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August 24, 2012
This summer’s TOP500 list could be described as a changing of the guard with surprising countries capturing top 10 spots and the US reclaiming first place. Although China was the only BRIC nation (Brazil Russia, India, and China) to have any top ten systems, Russia is certainly making an effort to join that elite club.
Their Lomonosov supercomputer is currently ranked 22nd, with a Linpack rating of 901.9 teraflops. The country is keeping their sights on the top of the list though, with plans to deploy a faster system in the near future.
Today, Russia Beyond the Headlines reported on an announcement made by the Russian Academy of Sciences (RAS). The Academy plans to build a petascale supercomputer that rivals some of today’s fastest systems. The initial implementation is expected to come online by year’s end with a capacity of 2 petaflops. As such, the new supercomputer would likely become the country’s fastest system and most likely capture a top 10 ranking.
Reaching the petascale benchmark is certainly a feat upon itself, but the RAS has further plans for the unnamed system. After upgrades, the final deployment is expected to have a capacity of 10 petaflops. Currently, only two systems in the world can make that claim, Sequoia at Lawrence Livermore National Laboratory and Japan’s K computer.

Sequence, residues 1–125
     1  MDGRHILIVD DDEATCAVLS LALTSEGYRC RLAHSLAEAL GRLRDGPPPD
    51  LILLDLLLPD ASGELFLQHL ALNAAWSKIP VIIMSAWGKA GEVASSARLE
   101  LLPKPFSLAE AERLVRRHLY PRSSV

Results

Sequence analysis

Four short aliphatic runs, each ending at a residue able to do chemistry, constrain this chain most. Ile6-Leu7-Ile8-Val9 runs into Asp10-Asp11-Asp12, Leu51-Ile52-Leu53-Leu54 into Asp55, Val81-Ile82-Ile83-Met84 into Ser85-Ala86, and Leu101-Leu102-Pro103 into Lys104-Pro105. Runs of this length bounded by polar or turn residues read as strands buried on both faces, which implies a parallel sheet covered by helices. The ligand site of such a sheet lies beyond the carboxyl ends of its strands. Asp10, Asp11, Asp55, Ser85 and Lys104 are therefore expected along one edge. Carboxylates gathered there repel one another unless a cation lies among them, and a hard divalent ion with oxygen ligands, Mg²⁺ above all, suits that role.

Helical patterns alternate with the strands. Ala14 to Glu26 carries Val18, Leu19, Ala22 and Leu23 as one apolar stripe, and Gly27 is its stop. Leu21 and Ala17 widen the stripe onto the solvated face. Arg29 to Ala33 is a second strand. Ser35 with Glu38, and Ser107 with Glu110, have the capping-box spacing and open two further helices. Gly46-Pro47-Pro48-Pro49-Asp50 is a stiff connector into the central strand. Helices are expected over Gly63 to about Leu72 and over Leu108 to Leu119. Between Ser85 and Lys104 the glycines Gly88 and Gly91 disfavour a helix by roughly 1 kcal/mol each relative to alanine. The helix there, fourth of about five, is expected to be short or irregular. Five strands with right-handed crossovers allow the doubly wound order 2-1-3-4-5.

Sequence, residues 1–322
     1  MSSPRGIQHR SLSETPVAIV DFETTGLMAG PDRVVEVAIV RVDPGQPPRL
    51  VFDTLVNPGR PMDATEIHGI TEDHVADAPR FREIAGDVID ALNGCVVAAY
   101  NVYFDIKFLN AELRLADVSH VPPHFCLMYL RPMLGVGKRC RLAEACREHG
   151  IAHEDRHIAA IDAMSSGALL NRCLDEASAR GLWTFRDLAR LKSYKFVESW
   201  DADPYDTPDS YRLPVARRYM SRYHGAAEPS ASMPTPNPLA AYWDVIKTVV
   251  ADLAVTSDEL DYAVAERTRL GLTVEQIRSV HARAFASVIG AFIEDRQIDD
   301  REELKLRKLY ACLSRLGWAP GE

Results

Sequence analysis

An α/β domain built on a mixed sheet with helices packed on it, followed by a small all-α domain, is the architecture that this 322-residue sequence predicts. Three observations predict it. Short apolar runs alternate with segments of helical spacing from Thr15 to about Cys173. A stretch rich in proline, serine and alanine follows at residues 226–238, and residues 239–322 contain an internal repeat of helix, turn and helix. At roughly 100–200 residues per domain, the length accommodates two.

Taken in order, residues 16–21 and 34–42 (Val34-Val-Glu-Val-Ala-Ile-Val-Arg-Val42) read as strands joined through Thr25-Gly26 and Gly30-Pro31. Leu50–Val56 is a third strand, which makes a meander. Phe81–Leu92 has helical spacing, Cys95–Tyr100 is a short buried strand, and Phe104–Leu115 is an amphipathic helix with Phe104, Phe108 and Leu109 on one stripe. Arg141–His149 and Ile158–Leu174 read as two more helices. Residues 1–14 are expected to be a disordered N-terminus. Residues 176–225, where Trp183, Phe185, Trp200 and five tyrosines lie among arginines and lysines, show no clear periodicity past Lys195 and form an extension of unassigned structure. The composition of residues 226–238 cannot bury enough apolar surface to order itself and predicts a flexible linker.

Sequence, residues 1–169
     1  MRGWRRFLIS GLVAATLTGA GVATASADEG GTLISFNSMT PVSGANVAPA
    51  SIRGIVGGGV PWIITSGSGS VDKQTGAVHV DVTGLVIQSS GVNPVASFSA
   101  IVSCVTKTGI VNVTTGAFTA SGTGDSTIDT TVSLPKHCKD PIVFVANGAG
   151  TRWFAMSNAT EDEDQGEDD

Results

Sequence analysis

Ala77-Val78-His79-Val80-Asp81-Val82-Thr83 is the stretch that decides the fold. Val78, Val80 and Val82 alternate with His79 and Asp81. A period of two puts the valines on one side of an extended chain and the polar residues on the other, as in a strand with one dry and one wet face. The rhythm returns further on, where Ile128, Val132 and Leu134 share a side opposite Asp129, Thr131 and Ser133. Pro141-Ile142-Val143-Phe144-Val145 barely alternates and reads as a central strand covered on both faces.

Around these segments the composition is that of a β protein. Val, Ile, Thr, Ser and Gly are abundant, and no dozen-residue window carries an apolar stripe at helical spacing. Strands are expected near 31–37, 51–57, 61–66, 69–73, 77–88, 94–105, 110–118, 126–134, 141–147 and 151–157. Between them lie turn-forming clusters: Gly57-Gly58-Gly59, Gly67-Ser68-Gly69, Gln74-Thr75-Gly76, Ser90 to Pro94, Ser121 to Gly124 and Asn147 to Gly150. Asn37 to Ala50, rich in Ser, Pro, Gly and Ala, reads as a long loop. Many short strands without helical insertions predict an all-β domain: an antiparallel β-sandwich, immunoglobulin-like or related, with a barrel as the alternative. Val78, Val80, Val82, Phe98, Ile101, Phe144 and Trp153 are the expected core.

In the Russia Beyond the Headlines report, Boris Shabanov, deputy director of the Joint Supercomputer Center at RAS, described the deployment timeline. “Our goal is to complete the first two elements by the end of the year, and then the technology will make it possible to upgrade its capacity to 10 petaflops within a reasonable time – over the next year – provided there is adequate investment,” he said. The RAS system is expected to cost around $63 million.
If the machine is fully upgraded over the next year as Shabanov expects, it may claim a top five position. By at that point, it will be competing with even more powerful systems, like Titan at Oak Ridge National Laboratory and Blue Waters at NCSA, as well as possible new entries from China.
Not much has been revealed regarding the specifics of the system, but Shabanov noted that energy efficiency is a key feature of the upcoming super and will employ a “unique cooling system” as well as and cutting-edge x86 coprocessors. The suggests the machine will rely on Xeon Phi (MIC) chips, Intel’s manycore acceleratore that is expected to debut before the end of the year. CPU and interconnect details weren’t revealed.
Russia began competing more seriously in the supercomputing arena after President Medvedev tasked scientists to catch up with the West. Over $140 million went into HPC in 2011, and over a billion dollars is being allocated to support Russia’s exascale push.
Full story at Russia Beyond the Headlines
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